Why should I paint dead fish, onions and beer glasses?
Girls are so much prettier.
~ Marie Laurencin
Happy Top Five Friday! Today we take a look at Dante Gabriel Rossetti, the founder [along with William Holman Hunt and John Everett Millais] of the Pre-Raphaelite Brotherhood. Rossetti was not only a prolific painter, but a poet as well, writing some and is known as much for his romantic entanglements with his two major muses: Elizabeth Siddal and Jane Morris [wife of William Morris] as his art.
If you want to learn more about Rossetti, I suggest two sites: The Rossetti Archive and The Victorian Web. And now to the paintings. It was very difficult to whittle the list down to five!
Venus Verticordia (1864-68)
Knowing my penchant for strong colouring and contrasts, it is not difficult to see why I picked Venus as one of the top five. The beautiful realism of the Pre-Raphaelites’ technique is one of the main draws for me, as well as the medieval and romantic subject matter. The model here was actually two women: Fanny Cornworth and later on, Alexa Wilding.
Proserpine (1874) Tate Gallery,
Proserpine [or Persephone in Greek mythology], is the daughter of Zeus and Demeter ~ the goddess of harvest. In the myth, she is kidnapped by the love-stricken Hades to the underworld. Demeter searches in vain for her daughter and during her search, causes a long drought to fall on the people. Zeus the orders Hades to release Proserpine. In an uncanny resemblance to Genesis’ Eve, Hades tricks her into eating forbidden fruit ~ in this case, pomegranate seeds, because it is said that whomever eats or drinks anything while in the Underworld must remain there for all eternity. In some versions, Proserpine eats four to six seeds, the number of dry months when nothing grows and she must return to the Underworld.
Again, rich hues and realism make this an easy choice. Jane Morris is the muse here and Rossetti penned a sonnet of longing to go with the painting:
Dire fruit, which, tasted once, must thrall me here.
Afar those skies from this Tartarean grey
Afar those skies from this Tartarean grey
The irony here is that Jane Morris was trapped in an unhappy marriage to William Morris and both she and Rossetti were tasting the forbidden fruit of an adulterous affair.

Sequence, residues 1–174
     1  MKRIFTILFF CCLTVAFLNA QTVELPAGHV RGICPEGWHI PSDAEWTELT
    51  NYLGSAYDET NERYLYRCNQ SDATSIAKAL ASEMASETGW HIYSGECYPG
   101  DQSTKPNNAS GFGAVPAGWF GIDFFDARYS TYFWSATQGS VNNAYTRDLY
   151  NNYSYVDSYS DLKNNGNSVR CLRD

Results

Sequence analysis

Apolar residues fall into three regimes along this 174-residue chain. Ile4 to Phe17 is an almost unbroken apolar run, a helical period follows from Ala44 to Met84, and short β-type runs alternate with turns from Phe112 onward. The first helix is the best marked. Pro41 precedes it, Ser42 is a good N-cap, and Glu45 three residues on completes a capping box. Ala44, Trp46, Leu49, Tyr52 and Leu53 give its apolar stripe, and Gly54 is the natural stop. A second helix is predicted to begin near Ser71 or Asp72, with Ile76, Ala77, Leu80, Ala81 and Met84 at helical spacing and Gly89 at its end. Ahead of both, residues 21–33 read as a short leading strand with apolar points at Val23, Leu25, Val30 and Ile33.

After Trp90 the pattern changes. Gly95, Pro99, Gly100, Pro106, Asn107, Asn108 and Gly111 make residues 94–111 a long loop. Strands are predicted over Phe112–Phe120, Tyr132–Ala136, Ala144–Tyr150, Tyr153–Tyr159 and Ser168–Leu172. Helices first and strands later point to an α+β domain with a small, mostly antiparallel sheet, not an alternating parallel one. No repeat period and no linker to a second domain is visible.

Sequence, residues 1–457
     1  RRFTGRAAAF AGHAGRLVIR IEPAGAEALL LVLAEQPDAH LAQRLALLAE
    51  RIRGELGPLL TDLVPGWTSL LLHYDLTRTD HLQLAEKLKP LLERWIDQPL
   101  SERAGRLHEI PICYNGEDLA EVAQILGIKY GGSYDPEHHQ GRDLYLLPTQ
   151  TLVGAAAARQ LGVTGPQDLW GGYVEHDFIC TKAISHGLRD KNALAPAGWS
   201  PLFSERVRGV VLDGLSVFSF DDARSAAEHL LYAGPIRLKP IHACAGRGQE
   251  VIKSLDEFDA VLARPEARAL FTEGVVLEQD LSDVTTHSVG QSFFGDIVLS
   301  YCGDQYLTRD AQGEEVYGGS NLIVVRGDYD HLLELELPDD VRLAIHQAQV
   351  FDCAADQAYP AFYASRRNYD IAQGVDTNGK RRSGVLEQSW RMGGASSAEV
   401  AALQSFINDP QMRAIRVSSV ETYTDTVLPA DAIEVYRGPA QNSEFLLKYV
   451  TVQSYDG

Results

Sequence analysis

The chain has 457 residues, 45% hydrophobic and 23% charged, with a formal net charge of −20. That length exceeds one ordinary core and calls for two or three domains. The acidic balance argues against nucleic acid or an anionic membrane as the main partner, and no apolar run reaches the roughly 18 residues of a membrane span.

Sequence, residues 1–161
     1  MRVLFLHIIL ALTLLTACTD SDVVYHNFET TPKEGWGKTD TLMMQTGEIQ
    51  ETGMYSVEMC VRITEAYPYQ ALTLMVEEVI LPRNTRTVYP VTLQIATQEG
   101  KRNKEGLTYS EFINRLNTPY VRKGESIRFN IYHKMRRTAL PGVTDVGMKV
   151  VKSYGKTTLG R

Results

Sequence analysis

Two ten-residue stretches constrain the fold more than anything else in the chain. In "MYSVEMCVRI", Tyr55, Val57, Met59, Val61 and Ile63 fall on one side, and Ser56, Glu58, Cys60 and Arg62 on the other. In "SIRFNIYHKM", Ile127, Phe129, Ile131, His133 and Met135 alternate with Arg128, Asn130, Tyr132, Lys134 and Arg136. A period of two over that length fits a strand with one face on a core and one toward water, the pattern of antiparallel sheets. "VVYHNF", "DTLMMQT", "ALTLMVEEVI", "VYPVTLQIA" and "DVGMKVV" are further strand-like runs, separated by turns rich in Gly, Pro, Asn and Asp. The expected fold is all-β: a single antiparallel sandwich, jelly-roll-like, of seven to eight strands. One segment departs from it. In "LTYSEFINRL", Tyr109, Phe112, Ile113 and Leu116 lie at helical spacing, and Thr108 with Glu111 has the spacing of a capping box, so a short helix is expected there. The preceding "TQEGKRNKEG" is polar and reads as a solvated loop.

Il Ramoscello (1865)
Fogg Art Museum, Harvard University
I have not been able to find much about this painting but the model appears to be Rossetti’s first muse, Elizabeth Siddal. They married in 1860 and she died sometime in 1862 after an apparent overdose of laudanum.
I love the colour and detail of her dress and the coppery sheen of her hair ~ a feature
was known for. Elizabeth
Lady Lilith (1868)
Delaware Art Museum, Wilmington
From the Victorian Web:
(Lilith). . .is Rossetti's femme fatal, seducing young men with her feminine whiles and then tossing them off. In the poem she casts her "spell through him, and left his straight neck bent; And round his heart one strangling golden hair." Lilith's beauty is fatal. He who falls for the corporeal sensuality that Lilith represents is doomed.
The model was neither Jane nor Elizabeth, but a third Rossetti muse, Fanny Cornforth. However, in this rendition, the face is that of Alexa Wilding. Lilith may be a femme fatale, but the colouring and sensuality depicted is beautiful and showcases Rossetti’s obsession with the Pre-Raphaelite ideal woman with long, flowing hair.
Astarte Syriaca (1877)
Manchester City Art Gallery
Rossetti depicts Jane Morris here as a strong and sensual Venus, with again, the long, flowing hair. There is an air of mystery and darkness, and one can almost feel the intense longing of painter and muse for each other.
What strikes you about these paintings? What do they say to you? Any other Rossetti favorites and why?
Oremus pro invicem,
*Update 10/10/11: Donald Halliday, a tour guide from the Russell-Cotes Museum in Bournemouth read my post and wrote to let me know that the model for Venus Verticordia was not Jane Morris as I thought, but Fanny Cornforth and Alexa Wilding. The correction has been made.
"The original model was in Rossetti’s own words ‘”A very large young woman, almost a giantess, I noticed in the street”. Later Rossetti modified the features for that of two of his favourite models. The first was Fanny Cornforth; then later – Alexa Wilding
Rossetti discovered Alexa (Alice) Wilding by chance when he was walking to the Arundel Club one day in the spring of 1865. Seeing her walking next to him, he was struck with her beauty and asked her on the spot to sit for him as a model. She said she would do it if her mother consented. Shortly afterwards, she wrote that her mother agreed. They made an appointment but, much to Rossetti’s disappointment, she did not keep it.
Some few months later he saw her again by chance in the street, stopped her, and offered her generous terms if she would sit for him. She agreed and gave up her dressmaking job. Rossetti retained her at a pound per week to sit for him whenever he asked.
Wilding made such a good model for Rossetti’s later work he said “she has a lovely face, beautifully moulded in every feature, full of quiet, soft, almost mystical repose. She sat like the Sphinx waiting to be questioned with a vague reply in return”
Wilding became one of Rossetti’s favourite models and sat for some of his most famous pictures, including Mona Vanna and The Blessed Damozel. Besides the studies he made for such major oil works, Rossetti executed at least seven separate drawings of her between 1866 and 1873."
Many thanks to Daniel for letting me [and you!] know. I do as much research as I can, but I don't always catch everything, so I love it when readers let me when something's amiss. ~ MD